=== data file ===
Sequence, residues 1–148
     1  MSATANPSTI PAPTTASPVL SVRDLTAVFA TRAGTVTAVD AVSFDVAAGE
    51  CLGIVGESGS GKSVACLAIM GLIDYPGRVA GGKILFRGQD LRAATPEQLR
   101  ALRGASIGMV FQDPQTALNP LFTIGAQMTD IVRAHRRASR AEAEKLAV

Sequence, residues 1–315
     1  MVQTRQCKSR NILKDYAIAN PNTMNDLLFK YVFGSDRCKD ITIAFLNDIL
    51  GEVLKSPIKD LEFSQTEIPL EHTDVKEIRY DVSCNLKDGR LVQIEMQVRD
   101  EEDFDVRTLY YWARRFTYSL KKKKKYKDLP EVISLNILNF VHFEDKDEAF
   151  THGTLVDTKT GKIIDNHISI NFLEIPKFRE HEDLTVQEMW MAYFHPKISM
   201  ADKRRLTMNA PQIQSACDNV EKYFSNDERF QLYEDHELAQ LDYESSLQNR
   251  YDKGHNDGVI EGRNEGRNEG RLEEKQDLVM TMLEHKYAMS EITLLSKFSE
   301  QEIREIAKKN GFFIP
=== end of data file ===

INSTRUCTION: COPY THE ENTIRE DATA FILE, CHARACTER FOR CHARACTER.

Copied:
Sequence, residues 1–148
     1  MSATANPSTI PAPTTASPVL SVRDLTAVFA TRAGTVTAVD AVSFDVAAGE
    51  CLGIVGESGS GKSVACLAIM GLIDYPGRVA GGKILFRGQD LRAATPEQLR
   101  ALRGASIGMV FQDPQTALNP LFTIGAQMTD IVRAHRRASR AEAEKLAV

Sequence, residues 1–315
     1  MVQTRQCKSR NILKDYAIAN PNTMNDLLFK YVFGSDRCKD ITIAFLNDIL
    51  GEVLKSPIKD LEFSQTEIPL EHTDVKEIRY DVSCNLKDGR LVQIEMQVRD
   101  EEDFDVRTLY YWARRFTYSL KKKKKYKDLP EVISLNILNF VHFEDKDEAF
   151  THGTLVDTKT GKIIDNHISI NFLEIPKFRE HEDLTVQEMW MAYFHPKISM
   201  ADKRRLTMNA PQIQSACDNV EKYFSNDERF QLYEDHELAQ LDYESSLQNR
   251  YDKGHNDGVI EGRNEGRNEG RLEEKQDLVM TMLEHKYAMS EITLLSKFSE
   301  QEIREIAKKN GFFIP